Christian Ward

Three Poems


Remembering insects in Genova, Italy

Insects here are so dark
it is difficult to distinguish
them from night. Distracted
by their ebony, I lose track

of the precision of each jaw
and sting, delicate and powerful
as earbones. That’s the funny
thing about colour, it can reassure

you one moment, deceive you another.
The subtlest changes register
like tremors leading up to an earth
quake, hitting when we least expect it.



Everything roosts
in something,
the nesting rain
tells me. Swans

stitch new habitats
out of the river

and reeds, the moon
moves in a sack

of sky. Conversations
huddle in the colour

coded nerves of a pay
phone. My baby son

rests his head against
my chest, the sound

of a bird that has travelled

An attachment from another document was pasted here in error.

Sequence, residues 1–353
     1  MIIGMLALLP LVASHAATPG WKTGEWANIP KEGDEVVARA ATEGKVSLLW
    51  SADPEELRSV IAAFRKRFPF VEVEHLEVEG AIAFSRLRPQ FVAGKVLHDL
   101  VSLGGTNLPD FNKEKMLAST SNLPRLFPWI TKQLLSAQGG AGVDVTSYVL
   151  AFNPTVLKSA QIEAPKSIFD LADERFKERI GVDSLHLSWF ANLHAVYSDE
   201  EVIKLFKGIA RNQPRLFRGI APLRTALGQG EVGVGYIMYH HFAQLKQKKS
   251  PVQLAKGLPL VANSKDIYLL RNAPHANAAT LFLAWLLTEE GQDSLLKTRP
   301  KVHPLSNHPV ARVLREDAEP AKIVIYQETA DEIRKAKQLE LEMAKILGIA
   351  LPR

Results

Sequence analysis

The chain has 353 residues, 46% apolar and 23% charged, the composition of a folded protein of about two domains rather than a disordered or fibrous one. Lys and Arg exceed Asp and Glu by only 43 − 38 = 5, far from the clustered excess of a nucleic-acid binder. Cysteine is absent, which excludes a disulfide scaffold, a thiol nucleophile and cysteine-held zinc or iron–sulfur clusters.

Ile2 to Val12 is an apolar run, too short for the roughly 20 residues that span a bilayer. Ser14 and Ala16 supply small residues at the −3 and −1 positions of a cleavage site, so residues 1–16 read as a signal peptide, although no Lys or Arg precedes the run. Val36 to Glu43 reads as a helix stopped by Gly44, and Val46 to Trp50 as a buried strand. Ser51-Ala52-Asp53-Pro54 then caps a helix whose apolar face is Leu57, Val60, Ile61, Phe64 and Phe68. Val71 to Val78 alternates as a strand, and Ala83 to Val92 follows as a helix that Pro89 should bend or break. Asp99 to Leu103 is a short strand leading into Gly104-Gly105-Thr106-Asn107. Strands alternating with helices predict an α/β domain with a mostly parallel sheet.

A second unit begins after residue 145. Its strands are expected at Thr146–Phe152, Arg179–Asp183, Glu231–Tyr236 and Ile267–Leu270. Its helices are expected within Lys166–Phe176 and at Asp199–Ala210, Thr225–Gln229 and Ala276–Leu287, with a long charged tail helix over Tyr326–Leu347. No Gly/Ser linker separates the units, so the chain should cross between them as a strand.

far echoing in his breathing,

followed by rustling,
as if building shelter.

History Lesson

We regurgitated A-Bomb, Nagasaki,
Hiroshima like wasps building

a nest out of everything that has
been chewed upon, deliberated.

Words bitter as newsprint turned
our stomachs. Some rushed to bathrooms,

others sat and breathed deeply
to cleanse out the mushroom clouds

suspended inside of us. One, a boy
who would later die from cancer, went

outside and stuck his tongue out
as if expecting to taste snowflakes

because everything suddenly became
white, so beautifully white.

Christian Ward is a 28 year old London based poet. His work has appeared in Diagram, The Kenyon Review, Welter and elsewhere.